if He will! I am the punishing judge, and I judge mercilessly, according

to the law, without compassion. Let those whom I have condemned appeal

to God, and may He have mercy upon them. I cannot do it, nor will I.

Kings are here to punish, and they are like to God, not in His love, but

in His avenging wrath."



"Woe, then, woe to you and to all of us!" exclaimed Anne Askew. "Woe to

you, King Henry, if what you now say is the truth! Then are they right,

those men who are bound to yonder stakes, when they brand you with the

name of tyrant; then is the Bishop of Rome right when he upbraids you

as an apostate and degenerate son, and hurls his anathemas against you!

Then you know not God, who is love and mercy; then you are no disciple

of the Saviour, who has said, 'Love your enemies, bless them that curse

you.' Woe to you, King Henry, if matters are really so bad with you;

if--"



"Silence, unhappy woman, silence!" exclaimed Catharine; and as she

vehemently pushed away the furious girl she grasped the king's hand, and

pressed it to her lips. "Sire," whispered she, with intense earnestness,

"Sire, you told me just now that you loved me. Prove it by pardoning

this maiden, and having consideration for her impassioned excitement.

Prove it by allowing me to lead Anne Askew to her room and enjoin

silence upon her."



But at this moment the king was wholly inaccessible to any other

feelings than those of anger and delight in blood.



He indignantly repelled Catharine, and without moving his sharp,

penetrating look from the young maiden, he said in a quick, hollow tone:

"Let her alone; let her speak; let no one dare to interrupt her!"



Catharine, trembling with anxiety and inwardly hurt at the harsh manner

of the king, retired with a sigh to the embrasure of one of the windows.



Anne Askew had not noticed what was going on about her. She remained

in that state of exaltation which cares for no consequences and which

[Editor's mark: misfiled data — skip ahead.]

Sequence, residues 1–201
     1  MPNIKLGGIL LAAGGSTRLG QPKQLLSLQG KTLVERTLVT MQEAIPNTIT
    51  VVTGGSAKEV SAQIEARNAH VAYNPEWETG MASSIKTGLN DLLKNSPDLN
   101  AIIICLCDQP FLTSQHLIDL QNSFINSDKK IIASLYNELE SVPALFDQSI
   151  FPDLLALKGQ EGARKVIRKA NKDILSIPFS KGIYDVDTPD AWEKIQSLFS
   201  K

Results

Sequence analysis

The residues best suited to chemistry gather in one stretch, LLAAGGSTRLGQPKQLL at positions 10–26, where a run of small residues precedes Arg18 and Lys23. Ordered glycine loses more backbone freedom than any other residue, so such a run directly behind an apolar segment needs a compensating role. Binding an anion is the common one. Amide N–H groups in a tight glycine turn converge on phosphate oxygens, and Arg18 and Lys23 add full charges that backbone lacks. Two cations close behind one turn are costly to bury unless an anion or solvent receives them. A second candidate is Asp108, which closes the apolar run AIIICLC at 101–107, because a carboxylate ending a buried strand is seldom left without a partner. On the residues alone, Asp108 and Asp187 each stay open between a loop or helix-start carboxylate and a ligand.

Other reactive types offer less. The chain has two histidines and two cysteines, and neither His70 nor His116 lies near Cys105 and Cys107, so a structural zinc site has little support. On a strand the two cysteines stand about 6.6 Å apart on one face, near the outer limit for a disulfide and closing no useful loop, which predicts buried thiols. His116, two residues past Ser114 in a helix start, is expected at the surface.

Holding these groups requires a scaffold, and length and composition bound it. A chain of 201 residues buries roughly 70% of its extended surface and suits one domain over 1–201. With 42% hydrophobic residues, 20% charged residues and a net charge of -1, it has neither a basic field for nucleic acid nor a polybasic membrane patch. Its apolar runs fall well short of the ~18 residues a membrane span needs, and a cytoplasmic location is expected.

trembles before no danger. She would at this moment have gone to the

stake with cheerful alacrity, and she almost longed for this blessed

martyrdom.



"Speak, Anne Askew, speak!" commanded the king. "Tell me, do you know

what the countess, for whose pardon you are beseeching me, has done?

Know you why those four men were sent to the stake?"



"I do know, King Henry, by the wrath of God," said the maiden, with

burning passionateness. "I know why you have sent the noble countess to

the slaughter-house, and why you will exercise no mercy toward her. She

is of noble, of royal blood, and Cardinal Pole is her son. You would

punish the son through the mother, and because you cannot throttle the

cardinal, you murder his mother."



"Oh, you are a very knowing child!" cried the king, with an inhuman,

ironical laugh. "You know my most secret thoughts and my most hidden

feelings. Without doubt you are a good papist, since the death of the

popish countess fills you with such heart-rending grief. Then you must

confess, at the least, that it is right to burn the four heretics!"



"Heretics!" exclaimed Anne, enthusiastically, "call you heretics those

noble men who go gladly and boldly to death for their convictions

and their faith? King Henry! King Henry! Woe to you if these men are

condemned as heretics! They alone are the faithful, they are the true

servants of God. They have freed themselves from human supremacy, and as

you would not recognize the pope, so they will not recognize you as head

of the Church! God alone, they say, is Lord of the Church and Master

of their consciences, and who can be presumptuous enough to call them

criminals?"



"I!" exclaimed Henry the Eighth, in a powerful tone. "I dare do it. I

say that they are heretics, and that I will destroy them, will tread

them all beneath my feet, all of them, all who think as they do! I say

that I will shed the blood of these criminals, and prepare for them

torments at which human nature will shudder and quake. God will manifest

Himself by me in fire and blood! He has put the sword into my hand, and

I will wield it for His glory. Like St. George, I will tread the dragon

of heresy beneath my feet!"



And haughtily raising his crimsoned face and rolling his great bloodshot

eyes wildly around the circle, he continued: "Hear this all of you who

are here assembled; no mercy for heretics, no pardon for papists. It is